Market Wizard Ed Seykota

seykota

 

“I think that if people look deeply enough into their trading patterns, they find that, on balance, including all their goals, they are really getting what they want, even though they may not understand it or want to admit it.” – Ed Seykota

While I had always heard that the interview with Ed Seykota in Market Wizards was fantastic, I wasn’t prepared for it to hit home the way it did. Everything he discusses from cutting losses, to rules to live by, to passionately wanting to win, to getting what you want out of the market really struck a chord with me. This interview forced me to focus on what I really want and if I really have the desire to put forth the effort to go get it.

Trading Rules To Live By

When asked what trading rules he lives by, Seykota lists the following: “Cut losses, Ride winners, Keep bets small, Follow the rules without question, Know when to break the rules.” I have no problem with the first two rules. Keeping bets small is something I just recently addressed. The last two rules are intentionally contradictory, and it just so happens that this is something I have been struggling with. I obviously don’t have enough experience to know when it is acceptable to break my rules. I don’t even think I have enough experience to know if my rules are any good for my personality. My only option here is to keep gaining experience and document what I learn over time. As I gain experience and learn from mistakes, I hope that when to stick to the rules and when to break them will become more clear.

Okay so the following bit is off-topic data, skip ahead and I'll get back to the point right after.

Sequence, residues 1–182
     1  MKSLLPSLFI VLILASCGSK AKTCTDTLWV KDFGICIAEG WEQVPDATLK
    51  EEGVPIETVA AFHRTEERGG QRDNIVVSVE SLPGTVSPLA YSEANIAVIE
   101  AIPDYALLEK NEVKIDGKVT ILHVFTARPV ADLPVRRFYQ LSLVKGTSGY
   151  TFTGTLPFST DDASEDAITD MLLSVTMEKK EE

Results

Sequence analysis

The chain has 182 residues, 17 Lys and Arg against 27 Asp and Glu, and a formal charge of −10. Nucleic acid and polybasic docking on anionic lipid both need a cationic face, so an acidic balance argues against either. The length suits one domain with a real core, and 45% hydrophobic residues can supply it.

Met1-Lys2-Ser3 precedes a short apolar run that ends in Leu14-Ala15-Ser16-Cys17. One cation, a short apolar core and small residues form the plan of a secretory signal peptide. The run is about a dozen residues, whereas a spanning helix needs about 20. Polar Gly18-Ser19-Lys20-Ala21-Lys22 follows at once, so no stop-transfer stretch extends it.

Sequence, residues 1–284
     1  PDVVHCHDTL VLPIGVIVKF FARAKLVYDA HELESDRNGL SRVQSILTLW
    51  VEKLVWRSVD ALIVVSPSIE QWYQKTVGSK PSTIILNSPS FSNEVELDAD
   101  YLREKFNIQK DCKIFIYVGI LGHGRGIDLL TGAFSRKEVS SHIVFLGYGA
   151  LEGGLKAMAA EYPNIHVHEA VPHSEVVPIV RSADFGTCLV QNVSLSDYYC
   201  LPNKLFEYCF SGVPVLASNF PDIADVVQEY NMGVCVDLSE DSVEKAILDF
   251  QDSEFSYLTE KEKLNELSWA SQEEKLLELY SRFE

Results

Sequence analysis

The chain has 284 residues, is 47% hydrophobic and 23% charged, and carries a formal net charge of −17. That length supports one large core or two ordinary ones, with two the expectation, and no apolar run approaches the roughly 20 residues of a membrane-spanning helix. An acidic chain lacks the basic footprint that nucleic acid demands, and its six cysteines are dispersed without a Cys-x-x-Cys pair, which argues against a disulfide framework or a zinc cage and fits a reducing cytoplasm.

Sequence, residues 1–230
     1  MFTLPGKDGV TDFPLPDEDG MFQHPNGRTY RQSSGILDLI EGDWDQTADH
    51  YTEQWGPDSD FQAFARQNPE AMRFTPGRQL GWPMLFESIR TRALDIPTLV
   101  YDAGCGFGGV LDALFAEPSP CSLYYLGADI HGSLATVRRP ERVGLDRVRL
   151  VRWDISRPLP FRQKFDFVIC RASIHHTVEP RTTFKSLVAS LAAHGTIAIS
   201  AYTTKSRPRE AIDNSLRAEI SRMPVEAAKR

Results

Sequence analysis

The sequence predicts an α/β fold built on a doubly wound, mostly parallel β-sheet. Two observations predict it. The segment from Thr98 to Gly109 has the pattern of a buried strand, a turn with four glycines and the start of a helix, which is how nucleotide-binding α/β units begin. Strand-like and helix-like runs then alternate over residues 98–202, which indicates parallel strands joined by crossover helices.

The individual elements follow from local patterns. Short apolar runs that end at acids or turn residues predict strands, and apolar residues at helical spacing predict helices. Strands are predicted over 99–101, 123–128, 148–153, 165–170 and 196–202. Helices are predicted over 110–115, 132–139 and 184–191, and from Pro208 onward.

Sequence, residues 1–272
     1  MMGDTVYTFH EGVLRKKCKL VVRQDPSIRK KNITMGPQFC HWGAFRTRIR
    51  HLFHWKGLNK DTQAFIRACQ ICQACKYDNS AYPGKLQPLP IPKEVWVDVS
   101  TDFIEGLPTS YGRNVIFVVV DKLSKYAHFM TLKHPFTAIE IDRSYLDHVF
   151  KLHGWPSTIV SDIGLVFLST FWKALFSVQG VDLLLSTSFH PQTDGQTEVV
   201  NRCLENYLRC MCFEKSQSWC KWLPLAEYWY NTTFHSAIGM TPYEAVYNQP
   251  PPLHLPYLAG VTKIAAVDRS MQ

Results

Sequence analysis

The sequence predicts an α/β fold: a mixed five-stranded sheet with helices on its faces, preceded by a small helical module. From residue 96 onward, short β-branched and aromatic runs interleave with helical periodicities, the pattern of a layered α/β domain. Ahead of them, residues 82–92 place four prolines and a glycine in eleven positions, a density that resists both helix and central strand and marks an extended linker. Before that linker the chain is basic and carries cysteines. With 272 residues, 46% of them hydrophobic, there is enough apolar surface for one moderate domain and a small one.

Trading Psychology

Seykota is know for being very interested in psychology and its application to trading. He basically says that you are either a great trader or you aren’t and that great traders will be psychologically driven until they find success. Those who aren’t great traders are simply wasting time until they give up. I am still not sure whether I should take this as encouragement that I’m on the right path or as a warning sign that I am just wasting time until I eventually give ¬†up as a loser. Either way, Seykota has really opened up a can of worms in forcing me to analyze my own trading psychology.

Everyone Gets What They Want Out Of The Market

Seykota uses his discussion on psychology to lead into what is probably his most famous quote: “Win or lose, everybody gets what they want out of the market. Some people seem to like to lose, so they win by losing money.”

After knocking me down a few notches by forcing me to question my trading psychology, he hits me with the question of whether I even want to make money trading. This really forced me into some deep self-analysis and I am still not sure what the answer is.

He goes on to say that “People’s trading performance probably reflects their priorities more than they would like to admit.”

This was the final blow for me. He’s right. I’m simply not putting in the time and effort that I would be if I had a deep seeded passionate desire to succeed here. I’m just a casual observer of the markets making a few speculative gambles here and there. That’s why I have a weak track record. That’s why I feel like I can’t get any traction. I don’t want it bad enough.

The next question is where do I go from here? What do I do with that? I feel like according to Seykota, I’m a lost cause. I also feel like according to most everyone else I read, I am at a turning point where I can make some changes and improve my dedication and commitment. The bottom line is that I have to decide every morning how badly I want this to work. Am I willing to put in the time and effort?